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QUESTION: Does pelvic floor re-education reduce the duration and degree of urinary incontinence after radical prostatectomy for prostate cancer?
Randomised, (unclear allocation concealment), blinded (patients and outcome assessors), controlled trial with follow up to 1 year.
A university hospital in KU Leuven, Belgium.
102 men (mean age 65 y) who had radical retropubic prostatectomy (maintaining pelvic floor structures) for clinically localised prostate cancer, were incontinent 15 days after surgery (after catheter removal), and could regularly attend hospital appointments. Follow up was 96%.
Patient allocation was stratified by previous transurethral resection of the prostate and urine loss 1 day after catheter removal. 50 men were allocated to a pelvic floor re-education programme, which consisted of individual treatment in an outpatient clinic once a week for as long as incontinence persisted, up to 1 year. The training programme included education about the anatomy and function of the bladder and pelvic floor and active pelvic floor muscle (PFM) exercises and biofeedback. After patients learnt to do the exercises, they were instructed to do 90 contractions each day at home in standing, sitting, or supine positions and to integrate the contractions into their daily activities. 52 men were allocated to a placebo programme, which included information about the origin of their incontinence and placebo electrotherapy that was applied to the abdomen and thighs (but that could not affect pelvic floor function).
Main outcome measures
Incontinence rate at 3 months. Continence was defined as a loss of ≤2 g of urine on both the 24 hour and 1 hour pad test (ie, difference in wet and dry pad weight). Secondary outcomes included incontinence at 1 year, duration of incontinence, and degree of incontinence (average urine loss per 24 h).
Men in the treatment group attended an average of 8 outpatient sessions, whereas men in the placebo group attended an average of 16. Fewer men in the treatment group were still incontinent at 3 months and at 1 year compared with men in the placebo group (table). At 3 months, the duration of incontinence was shorter for men in the treatment group (log rank test p<0.001). At 1 year, the degree of incontinence was lower for men in the treatment group (Wald test p=0.001).
Pelvic floor re-education, which included biofeedback and regular exercises, reduced urinary incontinence in men at 3 months and at 1 year after radical prostatectomy compared with placebo electrotherapy.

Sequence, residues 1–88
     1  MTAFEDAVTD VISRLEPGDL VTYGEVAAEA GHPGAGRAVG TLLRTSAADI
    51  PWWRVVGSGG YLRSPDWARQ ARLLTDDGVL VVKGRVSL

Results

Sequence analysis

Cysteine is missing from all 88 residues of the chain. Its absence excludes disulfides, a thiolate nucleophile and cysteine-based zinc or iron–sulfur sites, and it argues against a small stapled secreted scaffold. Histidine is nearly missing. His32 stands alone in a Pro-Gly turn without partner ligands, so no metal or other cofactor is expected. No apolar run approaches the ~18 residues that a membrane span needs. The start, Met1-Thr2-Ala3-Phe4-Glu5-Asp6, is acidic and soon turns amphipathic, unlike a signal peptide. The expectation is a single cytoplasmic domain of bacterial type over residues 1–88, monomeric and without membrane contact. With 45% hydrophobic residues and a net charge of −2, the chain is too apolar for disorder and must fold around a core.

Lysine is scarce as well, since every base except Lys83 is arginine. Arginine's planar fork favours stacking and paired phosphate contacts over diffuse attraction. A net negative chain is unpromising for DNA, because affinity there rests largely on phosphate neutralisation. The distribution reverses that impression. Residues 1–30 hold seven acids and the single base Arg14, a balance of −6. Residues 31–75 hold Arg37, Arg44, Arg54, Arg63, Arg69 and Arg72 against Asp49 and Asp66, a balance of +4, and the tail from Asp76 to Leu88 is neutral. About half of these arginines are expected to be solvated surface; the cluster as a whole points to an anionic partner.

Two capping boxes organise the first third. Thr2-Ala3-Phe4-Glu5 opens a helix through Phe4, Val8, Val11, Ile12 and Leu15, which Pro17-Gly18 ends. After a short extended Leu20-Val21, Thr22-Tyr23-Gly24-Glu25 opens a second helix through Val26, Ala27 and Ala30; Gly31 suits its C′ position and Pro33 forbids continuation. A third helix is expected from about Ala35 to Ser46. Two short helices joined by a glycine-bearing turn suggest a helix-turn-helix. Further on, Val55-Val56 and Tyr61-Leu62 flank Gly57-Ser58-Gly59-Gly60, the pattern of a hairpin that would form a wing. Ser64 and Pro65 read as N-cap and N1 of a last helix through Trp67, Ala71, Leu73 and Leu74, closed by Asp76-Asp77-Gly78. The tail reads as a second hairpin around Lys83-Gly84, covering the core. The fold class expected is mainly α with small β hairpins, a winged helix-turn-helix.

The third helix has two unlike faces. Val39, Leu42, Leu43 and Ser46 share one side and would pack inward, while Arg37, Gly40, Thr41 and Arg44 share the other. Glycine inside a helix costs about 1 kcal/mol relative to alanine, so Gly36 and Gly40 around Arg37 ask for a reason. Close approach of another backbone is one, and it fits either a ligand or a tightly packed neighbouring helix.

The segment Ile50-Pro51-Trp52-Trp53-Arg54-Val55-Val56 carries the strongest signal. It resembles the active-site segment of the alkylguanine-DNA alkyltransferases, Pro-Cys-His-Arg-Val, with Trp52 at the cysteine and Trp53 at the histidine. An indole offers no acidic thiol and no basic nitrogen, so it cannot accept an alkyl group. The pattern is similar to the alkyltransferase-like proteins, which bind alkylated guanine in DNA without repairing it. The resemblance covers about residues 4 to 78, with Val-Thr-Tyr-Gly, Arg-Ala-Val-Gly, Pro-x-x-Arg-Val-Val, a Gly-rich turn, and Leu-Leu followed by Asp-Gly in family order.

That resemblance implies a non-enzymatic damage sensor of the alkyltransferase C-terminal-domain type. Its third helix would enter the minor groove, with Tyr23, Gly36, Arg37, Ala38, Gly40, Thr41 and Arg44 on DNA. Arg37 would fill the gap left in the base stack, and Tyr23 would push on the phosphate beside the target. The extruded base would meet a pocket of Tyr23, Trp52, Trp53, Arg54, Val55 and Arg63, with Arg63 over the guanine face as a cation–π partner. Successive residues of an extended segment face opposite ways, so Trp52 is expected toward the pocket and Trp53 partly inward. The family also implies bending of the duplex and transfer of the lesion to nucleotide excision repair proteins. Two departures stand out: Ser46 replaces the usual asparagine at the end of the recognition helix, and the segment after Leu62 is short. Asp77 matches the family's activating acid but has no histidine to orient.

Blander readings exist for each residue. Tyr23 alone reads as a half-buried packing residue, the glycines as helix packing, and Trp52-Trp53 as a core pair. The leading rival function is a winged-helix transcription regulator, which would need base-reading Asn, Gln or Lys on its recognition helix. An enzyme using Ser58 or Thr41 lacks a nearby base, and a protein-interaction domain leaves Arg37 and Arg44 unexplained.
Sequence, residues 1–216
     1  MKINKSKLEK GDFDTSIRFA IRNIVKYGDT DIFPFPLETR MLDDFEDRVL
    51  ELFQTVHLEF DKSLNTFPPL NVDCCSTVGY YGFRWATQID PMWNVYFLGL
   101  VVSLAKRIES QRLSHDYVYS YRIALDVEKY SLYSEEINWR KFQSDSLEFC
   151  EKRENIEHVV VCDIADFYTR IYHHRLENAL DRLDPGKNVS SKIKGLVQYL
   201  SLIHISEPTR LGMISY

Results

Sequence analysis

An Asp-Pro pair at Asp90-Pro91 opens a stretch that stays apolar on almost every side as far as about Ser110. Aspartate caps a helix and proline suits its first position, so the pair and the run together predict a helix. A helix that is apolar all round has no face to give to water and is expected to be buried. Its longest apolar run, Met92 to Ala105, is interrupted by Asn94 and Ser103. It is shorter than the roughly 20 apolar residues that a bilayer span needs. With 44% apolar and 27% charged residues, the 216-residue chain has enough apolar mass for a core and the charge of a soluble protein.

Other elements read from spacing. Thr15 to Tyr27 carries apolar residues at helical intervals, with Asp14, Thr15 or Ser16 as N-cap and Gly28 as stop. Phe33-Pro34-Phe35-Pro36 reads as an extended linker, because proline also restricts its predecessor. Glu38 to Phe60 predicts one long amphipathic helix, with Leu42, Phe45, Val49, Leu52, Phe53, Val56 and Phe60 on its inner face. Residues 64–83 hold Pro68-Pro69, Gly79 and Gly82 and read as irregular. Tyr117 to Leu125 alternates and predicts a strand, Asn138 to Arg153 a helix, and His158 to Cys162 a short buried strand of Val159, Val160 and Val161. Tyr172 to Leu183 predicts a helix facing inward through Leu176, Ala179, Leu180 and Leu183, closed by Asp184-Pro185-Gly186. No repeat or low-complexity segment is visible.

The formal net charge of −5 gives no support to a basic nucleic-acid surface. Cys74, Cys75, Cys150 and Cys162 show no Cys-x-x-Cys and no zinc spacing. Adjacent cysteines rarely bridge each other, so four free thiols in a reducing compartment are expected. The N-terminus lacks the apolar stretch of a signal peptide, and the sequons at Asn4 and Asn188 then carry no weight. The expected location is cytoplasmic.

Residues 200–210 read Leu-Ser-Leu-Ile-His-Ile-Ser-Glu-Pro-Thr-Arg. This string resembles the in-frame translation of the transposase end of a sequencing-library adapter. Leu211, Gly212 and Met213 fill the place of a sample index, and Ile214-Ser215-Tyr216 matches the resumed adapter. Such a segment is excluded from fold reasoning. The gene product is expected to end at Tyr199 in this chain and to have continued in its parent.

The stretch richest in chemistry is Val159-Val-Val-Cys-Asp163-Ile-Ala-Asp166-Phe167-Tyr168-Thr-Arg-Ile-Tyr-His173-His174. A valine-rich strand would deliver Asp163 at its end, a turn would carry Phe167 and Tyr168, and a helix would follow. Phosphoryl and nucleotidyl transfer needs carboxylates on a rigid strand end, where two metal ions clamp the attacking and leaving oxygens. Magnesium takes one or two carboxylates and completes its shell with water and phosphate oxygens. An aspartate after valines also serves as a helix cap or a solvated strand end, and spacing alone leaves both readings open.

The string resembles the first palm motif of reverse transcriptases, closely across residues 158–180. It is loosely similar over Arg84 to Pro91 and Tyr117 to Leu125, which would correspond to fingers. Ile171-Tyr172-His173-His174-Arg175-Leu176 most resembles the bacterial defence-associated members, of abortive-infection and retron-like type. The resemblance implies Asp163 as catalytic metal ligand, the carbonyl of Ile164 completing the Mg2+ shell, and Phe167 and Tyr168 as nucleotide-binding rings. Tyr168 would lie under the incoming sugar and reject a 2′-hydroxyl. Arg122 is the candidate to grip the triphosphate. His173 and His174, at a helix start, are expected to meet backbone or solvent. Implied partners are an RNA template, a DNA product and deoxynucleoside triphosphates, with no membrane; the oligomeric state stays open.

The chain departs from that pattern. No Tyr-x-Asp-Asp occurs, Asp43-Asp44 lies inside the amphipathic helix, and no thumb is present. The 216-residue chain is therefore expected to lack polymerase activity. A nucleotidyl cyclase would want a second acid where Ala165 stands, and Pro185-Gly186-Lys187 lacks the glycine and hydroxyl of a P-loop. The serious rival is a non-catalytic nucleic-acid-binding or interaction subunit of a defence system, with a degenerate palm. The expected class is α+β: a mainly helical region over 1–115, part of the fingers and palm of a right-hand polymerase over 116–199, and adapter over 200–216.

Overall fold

The use of pelvic floor re-education to reduce incontinence has been evaluated in the treatment of incontinence in women. Limited research is available on its effectiveness in men after radical prostate surgery. Moore et al compared the effectiveness of 2 behavioural interventions, PFM exercises and PFM exercises plus electrical anal stimulation, with simple, brief verbal instructions on PFM exercises and found no group differences in regaining continence after radical prostatectomy.1
The main outcome measure in the study by Van Kampen et al was based on the 24 hour and 1 hour pad tests; participants in both groups were to record the test results throughout the duration of the study. The authors, however, did not report on participant compliance with this measurement, an important issue because the pad test provides, at best, only an estimate of urine loss.
One of the authors gave the intervention to participants in both the treatment and control groups. It would have been helpful to know what measures were taken to minimise the likelihood that this author provided more encouragement to the treatment group, because this could have contributed to the positive outcome in this group.
The effect of biofeedback in this study on PFM exercises is unclear. Biofeedback was done as a method of reinforcement in the teaching of PFM exercises. It may be that the outcomes actually reflect the effect of a patient's commitment to doing these exercises on a regular basis. Information about patient characteristics, such as the presence of comorbid conditions, would help readers to judge the applicability of this intervention to their own patients. Further research should examine the consistency of these promising results in other clinical settings.
The results are relevant to nurses who work in urology or incontinence clinic settings. They support the use of PFM exercises for treatment of incontinence after radical prostatectomy and may be taught by nurses with advanced practice training in continence care. An explicit and clear treatment protocol is needed to ensure proper replication of this intervention.
Source of funding: Fund of Scientific Research, Flanders, Belgium.
For correspondence: Dr M Van Kampen, Department of Physiotherapy, Faculty of Education and Physiotherapy, University Hospital, KU Leuven, Belgium. Fax +32 16 346866.
Abstract also appears in Evidence-Based Medicine.
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